United States Patent #157,124 was granted to Joseph Glidden of DeKalb, Illinois on November 24th, 1874 for improved barbed wire fencing.
Life in the American West was reshaped by a series of patents for a simple tool that helped ranchers tame the land: barbed wire. Nine patents for improvements to wire fencing were granted by the U.S. Patent Office to American inventors, beginning with Michael Kelly in November 1868 and ending with Joseph Glidden in November 1874. The new fencing not only simplified the work of the rancher and farmer, but it significantly affected political, social, and economic practices throughout the region. The swift emergence of this highly effective tool as the favored fencing method influenced life in the region as dramatically as the rifle, six-shooter, telegraph, windmill, and locomotive.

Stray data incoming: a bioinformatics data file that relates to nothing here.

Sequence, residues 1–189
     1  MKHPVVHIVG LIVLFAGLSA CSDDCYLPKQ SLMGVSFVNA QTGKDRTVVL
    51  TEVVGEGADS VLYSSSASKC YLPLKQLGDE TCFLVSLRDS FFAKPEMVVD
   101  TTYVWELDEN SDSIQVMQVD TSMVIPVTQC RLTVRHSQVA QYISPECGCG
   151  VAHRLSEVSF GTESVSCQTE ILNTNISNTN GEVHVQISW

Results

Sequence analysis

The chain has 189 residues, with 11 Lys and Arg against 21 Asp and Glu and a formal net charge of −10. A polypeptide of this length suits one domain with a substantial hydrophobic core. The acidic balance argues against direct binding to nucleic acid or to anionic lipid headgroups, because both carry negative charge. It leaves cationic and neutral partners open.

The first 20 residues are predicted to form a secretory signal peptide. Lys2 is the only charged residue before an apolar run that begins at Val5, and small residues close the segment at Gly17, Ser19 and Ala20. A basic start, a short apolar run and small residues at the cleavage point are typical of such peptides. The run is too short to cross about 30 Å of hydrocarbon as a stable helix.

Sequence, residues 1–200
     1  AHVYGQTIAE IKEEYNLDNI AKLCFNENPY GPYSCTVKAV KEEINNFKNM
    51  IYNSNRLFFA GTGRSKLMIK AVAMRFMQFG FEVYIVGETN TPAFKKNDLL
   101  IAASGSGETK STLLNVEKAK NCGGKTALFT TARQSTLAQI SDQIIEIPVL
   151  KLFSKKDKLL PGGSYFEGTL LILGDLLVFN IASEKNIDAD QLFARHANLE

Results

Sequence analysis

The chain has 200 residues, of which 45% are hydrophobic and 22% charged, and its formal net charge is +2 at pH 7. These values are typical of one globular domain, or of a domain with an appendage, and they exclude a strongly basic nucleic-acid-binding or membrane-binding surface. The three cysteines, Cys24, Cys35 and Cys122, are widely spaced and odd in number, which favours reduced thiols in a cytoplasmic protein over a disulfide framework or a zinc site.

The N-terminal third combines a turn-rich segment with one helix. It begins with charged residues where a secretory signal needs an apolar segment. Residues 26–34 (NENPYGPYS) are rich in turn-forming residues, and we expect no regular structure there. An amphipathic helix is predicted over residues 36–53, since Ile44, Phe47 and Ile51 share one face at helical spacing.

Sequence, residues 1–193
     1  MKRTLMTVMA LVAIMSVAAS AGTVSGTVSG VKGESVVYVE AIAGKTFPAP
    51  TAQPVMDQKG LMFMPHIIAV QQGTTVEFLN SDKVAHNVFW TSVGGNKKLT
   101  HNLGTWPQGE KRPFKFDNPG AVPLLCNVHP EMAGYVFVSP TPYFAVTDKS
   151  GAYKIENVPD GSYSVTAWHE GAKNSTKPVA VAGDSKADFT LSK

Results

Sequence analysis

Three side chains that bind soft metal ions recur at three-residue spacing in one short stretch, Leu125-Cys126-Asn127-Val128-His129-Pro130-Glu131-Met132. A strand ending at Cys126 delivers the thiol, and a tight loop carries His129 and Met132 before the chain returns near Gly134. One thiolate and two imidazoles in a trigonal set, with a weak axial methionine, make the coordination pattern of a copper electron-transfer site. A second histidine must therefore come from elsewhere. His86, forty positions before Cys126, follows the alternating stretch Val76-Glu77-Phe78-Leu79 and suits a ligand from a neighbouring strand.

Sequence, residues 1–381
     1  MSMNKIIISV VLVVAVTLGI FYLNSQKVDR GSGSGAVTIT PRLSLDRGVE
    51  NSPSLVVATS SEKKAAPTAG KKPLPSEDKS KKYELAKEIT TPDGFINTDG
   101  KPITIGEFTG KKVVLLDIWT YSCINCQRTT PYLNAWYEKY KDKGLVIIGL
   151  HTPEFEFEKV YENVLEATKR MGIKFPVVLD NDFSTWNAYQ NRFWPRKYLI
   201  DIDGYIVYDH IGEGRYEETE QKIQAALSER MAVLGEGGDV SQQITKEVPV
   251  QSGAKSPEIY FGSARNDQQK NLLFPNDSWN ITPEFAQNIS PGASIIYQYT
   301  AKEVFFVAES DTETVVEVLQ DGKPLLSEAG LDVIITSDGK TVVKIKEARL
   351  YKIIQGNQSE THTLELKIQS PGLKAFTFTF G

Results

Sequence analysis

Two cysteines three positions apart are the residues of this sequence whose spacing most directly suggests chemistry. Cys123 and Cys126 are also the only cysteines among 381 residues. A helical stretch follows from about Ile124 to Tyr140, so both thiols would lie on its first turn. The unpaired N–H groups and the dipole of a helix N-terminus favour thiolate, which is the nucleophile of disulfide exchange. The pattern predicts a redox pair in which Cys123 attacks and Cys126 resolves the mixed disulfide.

Barbed wire was extensively adopted because it proved ideal for western conditions. Vast and undefined prairies and plains yielded to range management, farming, and ultimately, widespread settlement. As the use of barbed wire increased, wide open spaces became less wide, less open, and less spacious, and the days of the free roaming cowboy were numbered.